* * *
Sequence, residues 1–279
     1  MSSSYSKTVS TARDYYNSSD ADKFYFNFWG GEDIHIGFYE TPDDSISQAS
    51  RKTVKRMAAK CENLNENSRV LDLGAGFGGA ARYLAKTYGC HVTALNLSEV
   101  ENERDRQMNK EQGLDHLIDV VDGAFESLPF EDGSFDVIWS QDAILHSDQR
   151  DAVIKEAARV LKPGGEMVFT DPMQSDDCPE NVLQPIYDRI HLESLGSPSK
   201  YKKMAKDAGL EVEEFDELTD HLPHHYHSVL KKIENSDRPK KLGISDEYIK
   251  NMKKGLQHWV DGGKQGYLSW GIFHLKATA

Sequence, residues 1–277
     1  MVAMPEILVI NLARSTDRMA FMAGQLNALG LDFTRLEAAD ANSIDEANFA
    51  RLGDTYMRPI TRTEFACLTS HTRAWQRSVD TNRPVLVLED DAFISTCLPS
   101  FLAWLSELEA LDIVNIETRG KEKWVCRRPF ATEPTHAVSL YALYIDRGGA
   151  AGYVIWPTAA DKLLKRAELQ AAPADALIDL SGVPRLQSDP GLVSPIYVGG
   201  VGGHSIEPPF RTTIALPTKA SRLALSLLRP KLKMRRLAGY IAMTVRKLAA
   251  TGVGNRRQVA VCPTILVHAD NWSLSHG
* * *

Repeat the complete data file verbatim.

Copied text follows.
Sequence, residues 1–279
     1  MSSSYSKTVS TARDYYNSSD ADKFYFNFWG GEDIHIGFYE TPDDSISQAS
    51  RKTVKRMAAK CENLNENSRV LDLGAGFGGA ARYLAKTYGC HVTALNLSEV
   101  ENERDRQMNK EQGLDHLIDV VDGAFESLPF EDGSFDVIWS QDAILHSDQR
   151  DAVIKEAARV LKPGGEMVFT DPMQSDDCPE NVLQPIYDRI HLESLGSPSK
   201  YKKMAKDAGL EVEEFDELTD HLPHHYHSVL KKIENSDRPK KLGISDEYIK
   251  NMKKGLQHWV DGGKQGYLSW GIFHLKATA

Sequence, residues 1–277
     1  MVAMPEILVI NLARSTDRMA FMAGQLNALG LDFTRLEAAD ANSIDEANFA
    51  RLGDTYMRPI TRTEFACLTS HTRAWQRSVD TNRPVLVLED DAFISTCLPS
   101  FLAWLSELEA LDIVNIETRG KEKWVCRRPF ATEPTHAVSL YALYIDRGGA
   151  AGYVIWPTAA DKLLKRAELQ AAPADALIDL SGVPRLQSDP GLVSPIYVGG
   201  VGGHSIEPPF RTTIALPTKA SRLALSLLRP KLKMRRLAGY IAMTVRKLAA
   251  TGVGNRRQVA VCPTILVHAD NWSLSHG